The Drowning Pool 1976
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Private eye Lew Harper is in deep this time. Hired by an old flame to unravel a seemingly routine blackmail case, he’s so far down he may never come up for air. Paul Newman returns as the quick-witted detective he first played nine years before in Harper. A cast to reckon with joins him in this mystery based on Ross MacDonald’s novel and directed by Stuart Rosenberg (Cool Hand Luke). Joanne Woodward plays the New Orleans oil heiress who turns to Harper for help. Young Melanie Griffith is her kittenish daughter. And Tony Franciosa, Coral Browne, Andy Robinson, Murray Hamilton and more keep The Drowning Pool’s intrigue as thick as gumbo.
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Harper (Newman) gets pulled into an investigation by a former girlfriend Iris (Joanne Woodward) in Lousiana. Harper doesn't quite know what he's taken on when Iris' daughter (a teenage Melanie Griffith) tries to sedcue him in his hotel room and the case that Iris wants him to work on, involves Harper preventing Iris' husband (Murray Hamilton) from finding out she has been cheating on him. The plot grows increasingly complex and Harper has a hard time--ahem--keeping his head above water.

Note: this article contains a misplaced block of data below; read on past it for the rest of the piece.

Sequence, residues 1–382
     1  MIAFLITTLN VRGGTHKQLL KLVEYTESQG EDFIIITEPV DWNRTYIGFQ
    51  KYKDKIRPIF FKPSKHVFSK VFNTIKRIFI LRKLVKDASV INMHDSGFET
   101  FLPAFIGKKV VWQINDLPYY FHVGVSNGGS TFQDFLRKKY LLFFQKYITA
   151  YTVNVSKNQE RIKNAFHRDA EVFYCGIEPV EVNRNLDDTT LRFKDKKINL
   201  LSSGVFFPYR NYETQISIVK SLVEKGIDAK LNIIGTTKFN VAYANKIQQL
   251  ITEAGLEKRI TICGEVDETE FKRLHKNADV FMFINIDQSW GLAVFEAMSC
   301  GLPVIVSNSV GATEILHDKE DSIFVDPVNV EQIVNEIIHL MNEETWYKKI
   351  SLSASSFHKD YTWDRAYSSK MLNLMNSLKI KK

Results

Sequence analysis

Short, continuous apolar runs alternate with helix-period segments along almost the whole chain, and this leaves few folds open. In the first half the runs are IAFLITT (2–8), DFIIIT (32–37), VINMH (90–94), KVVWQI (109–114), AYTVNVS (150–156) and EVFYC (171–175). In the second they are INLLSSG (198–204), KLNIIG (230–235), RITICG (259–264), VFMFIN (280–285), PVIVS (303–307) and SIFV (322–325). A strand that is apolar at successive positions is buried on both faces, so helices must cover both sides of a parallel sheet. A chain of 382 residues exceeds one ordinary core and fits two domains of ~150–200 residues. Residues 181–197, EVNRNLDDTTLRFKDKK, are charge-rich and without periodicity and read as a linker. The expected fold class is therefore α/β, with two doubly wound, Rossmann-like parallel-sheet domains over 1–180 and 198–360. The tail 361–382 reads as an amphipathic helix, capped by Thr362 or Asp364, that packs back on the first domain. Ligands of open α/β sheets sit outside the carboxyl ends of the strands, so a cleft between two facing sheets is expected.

Warner Archives has done a fine job restorting this classic film. It's a pity that Newman didn't play Harper more often as he does a terrific job playing the world weary Harper (the character's name was changed to Harper because the producer of the previous film discovered that, while he purchased the rights to the novel, he didn't purchase the rights to the character. Newman suggested that the character's name start with an H as his films with an H in them had done well and writer of the 1966 film William Goldman complied). The audio sounds quite good with a strong mono presence. The film looks strong with a very nice restoration.
Sadly, this film doesn't have any commentary tracks (Goldman did the commentary track on the previous film which was carried over from the DVD) but it does include the original trailer as well as the brief promotional featurette produced for TV back in 1975. It doesn't provide much insight into the production of the film but it's nice to see it included.
"The Drowning Pool" makes me wish that we had gotten the other Harper film that was cancelled in the late 60's. The screenplay was completed for it and a director chosen but it never made it to preproduction for a variety of reasons. Enjoy "The Drowning Pool" but make sure to bring a life preserver.